Familial Mediterranean fever

What causes familial Mediterranean fever?

Familial Mediterranean fever (FMF) usually is caused by changes in both copies of a person's MEFV gene. Changes in genes that are responsible for causing disease are also called pathogenic variants, or mutations.

Pathogenic variants are usually inherited from one or both parents. There is nothing either parent can do before or during a pregnancy to cause them. Over 80 different pathogenic variants in the MEFV gene are known to cause FMF.

The MEFV gene normally provides instructions for making a protein called pyrin, which is found in white blood cells called granulocytes. It is thought that this protein plays a role in keeping inflammation under control. Inflammation occurs when the immune system sends signaling molecules and white blood cells to a site of injury or disease, and pyrin may stop or slow down the inflammatory process once it is no longer needed.

When the MEFV gene is mutated and pyrin is not formed correctly or working properly, inflammation is not regulated as it should be. This is thought to result in the painful inflammation, rashes and fever that characterize FMF.

Last updated on 05-01-20

How is familial Mediterranean fever (FMF) diagnosed?

In making a diagnosis of FMF, doctors take several factors into account:

  • whether a person has symptoms of FMF and whether the symptoms are recurrent
  • how a person responds to colchicine treatment
  • family medical history and ancestry
  • results of genetic testing

Testing for the following may also be helpful to make a diagnosis of FMF:

  • Elevated white blood cell count, which is an indication of an immune response.
  • Elevated erythrocyte sedimentation rate (ESR), which is an indication of an inflammatory response.
  • Elevated plasma fibrinogen, which helps stop bleeding. An elevated amount would indicate that something might be wrong with this mechanism.
  • Elevated serum haptoglobin, which would indicate that red blood cells are being destroyed, a common occurrence in rheumatic diseases, such as FMF.
  • Elevated C-reactive protein, which is a special type of protein produced by the liver that is only present during episodes of acute inflammation.
  • Elevated albumin in the urine, which can be a symptom of kidney disease, along with microscopic hematuria (microscopic amounts of blood in the urine).

Last updated on 05-01-20

How is familial Mediterranean fever (FMF) inherited?

FMF is almost always inherited in an autosomal recessive manner. This means that to be affected, a person must have a mutation in both copies of the responsible gene in each cell. The parents of an affected person usually each carry one mutated copy of the gene and are referred to as carriers. Carriers typically do not show signs or symptoms of the condition. When two carriers of an autosomal recessive condition have children, each child has a:

  • 25% chance to have the condition
  • 50% chance to be a carrier like each of the parents
  • 25% chance to not have the condition and not be a carrier

As many as 1 in 5 people of Sephardic Jewish, Armenian, Arab and Turkish heritage is a carrier of FMF.

In rare cases, FMF appears to be inherited in an autosomal dominant manner. This means that to be affected, a person needs to have a mutation in only one copy of the responsible gene in each cell. In some cases, an affected person inherits the mutation from an affected parent. Other cases may result from new (de novo) mutations in the gene. A person with autosomal dominant FMF has a 50% chance to pass the mutated gene on to each child.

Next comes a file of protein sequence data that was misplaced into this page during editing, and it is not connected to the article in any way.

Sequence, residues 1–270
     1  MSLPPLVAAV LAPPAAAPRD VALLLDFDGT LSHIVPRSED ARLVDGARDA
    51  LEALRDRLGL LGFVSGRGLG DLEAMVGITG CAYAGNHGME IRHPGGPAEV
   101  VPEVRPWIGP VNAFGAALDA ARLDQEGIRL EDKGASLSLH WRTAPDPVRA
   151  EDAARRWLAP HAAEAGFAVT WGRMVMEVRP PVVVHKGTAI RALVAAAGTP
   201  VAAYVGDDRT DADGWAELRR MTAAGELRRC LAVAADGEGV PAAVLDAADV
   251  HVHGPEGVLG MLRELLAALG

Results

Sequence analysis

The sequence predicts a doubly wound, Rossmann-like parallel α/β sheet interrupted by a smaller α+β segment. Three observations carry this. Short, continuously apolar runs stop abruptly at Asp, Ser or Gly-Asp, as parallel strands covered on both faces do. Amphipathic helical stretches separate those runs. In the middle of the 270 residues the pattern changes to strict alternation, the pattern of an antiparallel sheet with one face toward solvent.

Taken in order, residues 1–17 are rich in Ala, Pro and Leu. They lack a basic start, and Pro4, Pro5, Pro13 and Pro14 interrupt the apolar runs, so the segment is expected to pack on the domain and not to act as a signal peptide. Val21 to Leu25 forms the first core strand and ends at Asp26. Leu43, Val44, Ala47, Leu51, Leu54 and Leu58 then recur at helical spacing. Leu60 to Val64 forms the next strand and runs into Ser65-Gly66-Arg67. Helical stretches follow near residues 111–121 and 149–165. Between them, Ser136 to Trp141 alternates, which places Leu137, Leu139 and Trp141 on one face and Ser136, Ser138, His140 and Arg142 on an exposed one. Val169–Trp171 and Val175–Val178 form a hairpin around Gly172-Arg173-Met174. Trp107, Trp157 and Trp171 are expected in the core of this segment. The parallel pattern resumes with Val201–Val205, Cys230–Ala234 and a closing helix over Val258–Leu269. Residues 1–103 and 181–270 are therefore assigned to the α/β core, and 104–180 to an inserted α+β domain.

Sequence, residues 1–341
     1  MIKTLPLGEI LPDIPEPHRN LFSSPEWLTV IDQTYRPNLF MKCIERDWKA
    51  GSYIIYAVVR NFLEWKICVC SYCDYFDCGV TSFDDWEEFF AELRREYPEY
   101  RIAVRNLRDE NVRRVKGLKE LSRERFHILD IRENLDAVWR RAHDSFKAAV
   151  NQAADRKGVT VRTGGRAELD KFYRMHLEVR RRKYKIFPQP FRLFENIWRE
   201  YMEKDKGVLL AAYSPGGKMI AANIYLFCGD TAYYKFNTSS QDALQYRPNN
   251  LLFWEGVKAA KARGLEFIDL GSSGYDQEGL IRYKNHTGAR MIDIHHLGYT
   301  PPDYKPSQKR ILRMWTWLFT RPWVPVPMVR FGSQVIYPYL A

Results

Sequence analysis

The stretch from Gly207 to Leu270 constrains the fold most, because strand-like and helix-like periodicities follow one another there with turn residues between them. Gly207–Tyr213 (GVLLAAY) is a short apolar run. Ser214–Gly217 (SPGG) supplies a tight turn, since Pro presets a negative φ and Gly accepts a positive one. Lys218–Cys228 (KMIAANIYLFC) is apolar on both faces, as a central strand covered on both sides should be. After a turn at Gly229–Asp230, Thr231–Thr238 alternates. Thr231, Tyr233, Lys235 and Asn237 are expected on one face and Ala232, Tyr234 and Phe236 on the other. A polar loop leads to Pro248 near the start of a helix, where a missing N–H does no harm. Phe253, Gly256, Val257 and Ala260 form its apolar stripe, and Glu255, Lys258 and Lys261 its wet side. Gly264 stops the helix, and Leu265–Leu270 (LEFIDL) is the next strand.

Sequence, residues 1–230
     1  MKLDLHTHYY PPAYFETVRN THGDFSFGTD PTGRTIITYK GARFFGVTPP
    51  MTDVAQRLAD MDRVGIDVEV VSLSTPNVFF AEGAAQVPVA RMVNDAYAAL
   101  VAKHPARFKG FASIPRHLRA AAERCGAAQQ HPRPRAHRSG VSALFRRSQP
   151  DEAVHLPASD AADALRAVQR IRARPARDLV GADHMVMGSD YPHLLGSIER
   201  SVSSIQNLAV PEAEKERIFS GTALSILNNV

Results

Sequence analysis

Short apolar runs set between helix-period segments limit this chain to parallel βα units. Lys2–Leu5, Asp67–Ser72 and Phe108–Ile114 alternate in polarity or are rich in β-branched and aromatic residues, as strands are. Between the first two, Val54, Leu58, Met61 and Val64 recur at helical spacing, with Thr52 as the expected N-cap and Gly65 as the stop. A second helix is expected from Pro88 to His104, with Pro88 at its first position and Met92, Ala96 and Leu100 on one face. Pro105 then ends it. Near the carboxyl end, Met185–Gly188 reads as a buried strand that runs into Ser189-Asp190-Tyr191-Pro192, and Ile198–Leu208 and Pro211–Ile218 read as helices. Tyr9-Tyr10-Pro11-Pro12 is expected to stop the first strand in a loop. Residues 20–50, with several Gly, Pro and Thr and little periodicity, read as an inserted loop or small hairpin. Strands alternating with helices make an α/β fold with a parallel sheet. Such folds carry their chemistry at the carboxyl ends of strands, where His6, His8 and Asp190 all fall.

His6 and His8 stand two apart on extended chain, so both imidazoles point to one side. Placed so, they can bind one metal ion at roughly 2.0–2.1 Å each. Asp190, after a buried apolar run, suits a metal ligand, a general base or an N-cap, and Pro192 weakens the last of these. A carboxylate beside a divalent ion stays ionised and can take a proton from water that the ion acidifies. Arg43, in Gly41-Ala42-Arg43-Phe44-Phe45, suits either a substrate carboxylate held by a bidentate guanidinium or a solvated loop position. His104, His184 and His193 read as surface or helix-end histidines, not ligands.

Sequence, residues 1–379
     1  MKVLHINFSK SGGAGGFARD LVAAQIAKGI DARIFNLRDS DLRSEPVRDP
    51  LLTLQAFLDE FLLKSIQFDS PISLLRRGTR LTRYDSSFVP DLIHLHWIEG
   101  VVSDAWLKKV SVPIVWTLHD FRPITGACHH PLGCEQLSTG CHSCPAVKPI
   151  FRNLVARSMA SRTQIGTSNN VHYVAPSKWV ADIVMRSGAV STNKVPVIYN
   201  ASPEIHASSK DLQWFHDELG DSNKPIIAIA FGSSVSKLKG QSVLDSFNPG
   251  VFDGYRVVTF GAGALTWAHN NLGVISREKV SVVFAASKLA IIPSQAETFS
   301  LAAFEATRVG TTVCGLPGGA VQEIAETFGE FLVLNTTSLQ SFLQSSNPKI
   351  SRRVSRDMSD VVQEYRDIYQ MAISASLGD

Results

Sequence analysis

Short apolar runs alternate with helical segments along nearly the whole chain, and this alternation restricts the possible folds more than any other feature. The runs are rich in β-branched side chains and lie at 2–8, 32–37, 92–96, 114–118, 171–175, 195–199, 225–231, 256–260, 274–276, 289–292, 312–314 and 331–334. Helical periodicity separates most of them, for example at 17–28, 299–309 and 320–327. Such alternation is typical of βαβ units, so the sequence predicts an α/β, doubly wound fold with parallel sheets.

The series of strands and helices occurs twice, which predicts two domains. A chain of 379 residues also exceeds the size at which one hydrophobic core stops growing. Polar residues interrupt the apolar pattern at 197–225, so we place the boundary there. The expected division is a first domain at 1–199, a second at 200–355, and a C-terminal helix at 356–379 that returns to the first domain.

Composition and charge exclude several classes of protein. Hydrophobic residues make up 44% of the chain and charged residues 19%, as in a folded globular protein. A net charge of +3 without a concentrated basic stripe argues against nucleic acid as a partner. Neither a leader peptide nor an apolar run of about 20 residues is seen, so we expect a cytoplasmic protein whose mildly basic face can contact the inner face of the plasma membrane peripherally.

In some cases, FMF may appear to be autosomal dominant when it is actually autosomal recessive. This phenomenon is called pseudodominance.

Last updated on 05-01-20

What is the long-term outlook for people with familial Mediterranean fever (FMF)?

People with FMF who are compliant with daily colchicine can probably expect to have a normal lifespan, if colchicine is started before proteinuria develops. Even with amyloidosis, the use of colchicine, dialysis, and kidney transplantation should extend a patient's life beyond 50 years of age.

Last updated on 05-01-20

How might familial Mediterranean fever (FMF) be treated?

The goal of treatment for familial Mediterranean fever (FMF) is to control symptoms because there is no cure for the condition.

Treatment of an acute episode may include:

  • intravenous saline for hydration
  • nonsteroidal anti-inflammatory drugs (NSAIDs) for fever and inflammatory episodes
  • NSAIDs, paracetamol or dipyrone for pain relief
  • routine treatment of end-stage renal disease (kidney failure), including renal transplantation

Depending on disease severity or the presence of specific mutations, lifelong treatment with colchicine may be needed. Colchicine prevents inflammatory attacks and the deposition of amyloid. Those who are only mildly affected (with infrequent inflammatory attacks) may either be treated with colchicine or be monitored every six months for the presence of protein in the urine (proteinuria). Others may only be treated with colchicine if they develop severe inflammatory episodes and/or proteinuria as a result of amyloidosis. Those who are unresponsive to oral colchicine may respond to intravenous colchicine, or one of several other medications. Colchicine is not effective as treatment for an acute FMF attack.

Last updated on 05-01-20

Name: FMF & AID Global Association Schüracherstrasse 25a 8306 Brüttisellen
Phone: +41 76 415 4010 Email: info@fmfandaid.org Url: https://www.fmfandaid.org/

Note, these links are external searches against the National Laboratory of Medicine's drug database. You may need to adjust the search if there are no results found.

Drug Name Generic Name
Ilaris canakinumab

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